Studying history gives pupils the opportunity to develop an understanding of why the world and its people are the way they are today. They begin to ask questions as they explore the diversity of human experience, past lives and societies. As of September 2014, we are following the new History Curriculum which focuses on British history. The idea is that by the end of their primary education, children will have a chronological understanding of British history from Stone Age to present day and are able to draw comparisons and make connections between different time periods and their own lives. Interlinked with this is the need to look at world history. At Gaskell Primary the children will explore the ancient civilisations of Egypt, Greece and the Mayans, developing their understanding of trends over time and across concurrent civilisations. History in the National Curriculum can be summed up in just a few statements: ordering events in time; finding differences and similarities; writing and talking about the past; using different sources for information; asking and answering questions. All classes in each year group will do all of these at some point and aim to link ‘then’ with ‘now’. To view our History Policy click here
Early Years Foundation Stage (EYFS)
The early learning goals at EYFS are very much focused on the memories of the child. It may be that they are asked to remember a special event or routine or custom for their family. They may talk about differences between different family members or different generations.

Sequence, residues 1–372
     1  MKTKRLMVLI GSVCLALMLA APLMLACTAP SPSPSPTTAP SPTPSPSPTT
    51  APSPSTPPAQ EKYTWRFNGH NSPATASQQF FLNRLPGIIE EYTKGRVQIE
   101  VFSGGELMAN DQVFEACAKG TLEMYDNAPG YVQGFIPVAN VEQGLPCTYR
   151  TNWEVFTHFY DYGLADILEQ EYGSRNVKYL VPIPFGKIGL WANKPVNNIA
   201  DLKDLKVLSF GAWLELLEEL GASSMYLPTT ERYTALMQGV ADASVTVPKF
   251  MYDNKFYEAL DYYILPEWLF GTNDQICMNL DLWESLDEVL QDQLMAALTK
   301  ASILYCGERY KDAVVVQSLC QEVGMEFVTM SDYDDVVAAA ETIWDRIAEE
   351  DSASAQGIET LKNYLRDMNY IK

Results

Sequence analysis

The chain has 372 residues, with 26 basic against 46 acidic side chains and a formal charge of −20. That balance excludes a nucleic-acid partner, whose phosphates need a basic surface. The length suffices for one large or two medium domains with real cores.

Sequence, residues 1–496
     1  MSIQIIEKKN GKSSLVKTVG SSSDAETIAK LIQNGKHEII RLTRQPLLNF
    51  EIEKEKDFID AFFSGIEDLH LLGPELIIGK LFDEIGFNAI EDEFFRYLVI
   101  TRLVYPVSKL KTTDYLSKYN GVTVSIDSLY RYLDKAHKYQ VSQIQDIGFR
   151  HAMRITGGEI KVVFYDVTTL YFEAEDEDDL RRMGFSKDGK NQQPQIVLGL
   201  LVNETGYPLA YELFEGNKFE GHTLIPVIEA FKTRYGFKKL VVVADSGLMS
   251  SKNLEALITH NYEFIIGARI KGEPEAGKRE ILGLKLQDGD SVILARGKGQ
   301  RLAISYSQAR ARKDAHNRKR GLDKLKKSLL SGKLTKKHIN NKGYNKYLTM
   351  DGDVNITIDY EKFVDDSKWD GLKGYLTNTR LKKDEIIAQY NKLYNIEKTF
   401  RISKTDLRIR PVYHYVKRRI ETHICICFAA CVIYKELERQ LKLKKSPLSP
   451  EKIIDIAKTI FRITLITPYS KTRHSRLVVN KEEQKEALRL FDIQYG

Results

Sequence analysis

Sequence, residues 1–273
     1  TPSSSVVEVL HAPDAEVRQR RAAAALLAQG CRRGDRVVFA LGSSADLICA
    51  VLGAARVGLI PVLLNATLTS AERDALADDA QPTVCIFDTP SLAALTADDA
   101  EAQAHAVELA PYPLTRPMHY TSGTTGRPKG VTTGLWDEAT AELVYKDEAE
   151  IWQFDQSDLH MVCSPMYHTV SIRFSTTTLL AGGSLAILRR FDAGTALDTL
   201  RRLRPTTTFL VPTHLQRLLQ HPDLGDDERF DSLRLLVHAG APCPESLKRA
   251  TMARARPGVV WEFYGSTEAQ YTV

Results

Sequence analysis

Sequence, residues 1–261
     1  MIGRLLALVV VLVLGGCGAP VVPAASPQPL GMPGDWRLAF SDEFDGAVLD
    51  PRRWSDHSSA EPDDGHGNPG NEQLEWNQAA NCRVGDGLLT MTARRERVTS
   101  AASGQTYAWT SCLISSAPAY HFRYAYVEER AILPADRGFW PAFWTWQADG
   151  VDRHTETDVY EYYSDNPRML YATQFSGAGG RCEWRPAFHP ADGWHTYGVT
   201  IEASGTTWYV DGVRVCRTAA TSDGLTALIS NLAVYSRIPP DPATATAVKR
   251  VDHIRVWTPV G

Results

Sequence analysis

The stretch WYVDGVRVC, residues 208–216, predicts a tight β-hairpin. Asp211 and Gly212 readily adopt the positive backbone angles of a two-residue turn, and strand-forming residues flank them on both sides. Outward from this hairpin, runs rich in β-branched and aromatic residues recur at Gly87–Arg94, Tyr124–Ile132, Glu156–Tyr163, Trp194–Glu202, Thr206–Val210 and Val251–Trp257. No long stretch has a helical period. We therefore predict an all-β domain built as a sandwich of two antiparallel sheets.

Key Stage 1 (Years 1 and 2)
At Key Stage 1, children may be asked to learn about specific people or events that are both within and beyond living history. Teachers are freer to choose who or what they would like to teach about so there is a lot more variation between individual schools. Popular choices often include people like Neil Armstrong or Tim Peake, Grace Darling, or Florence Nightingale. Events such as the Great Fire of London, the first aeroplane flight, or themes such as castles or toys lend themselves very well to learning about the past. There will often be a very strong link to a local event or person.
Key Stage 2 (Years 3 to 6)
At Key Stage 2, the curriculum is much more prescriptive. Your child will learn all about the following periods of British history over the 4 years in Key Stage 2.
Anglo Saxons and Scots
A local history unit
A period of history later than 1066 (e.g. World War 2, Victorians, Tudors, the 1960s).
Children will also be introduced to some world civilisations in history. There is some variation allowed for schools here as they can choose one of each section. It may depend on the period of history most relevant to the children themselves.
Ancient Egyptians or Ancient Shang dynasty of China or the Indus Valley
The Mayans or Islamic Civilisation or Benin (AD 900-1300) to contrast with British history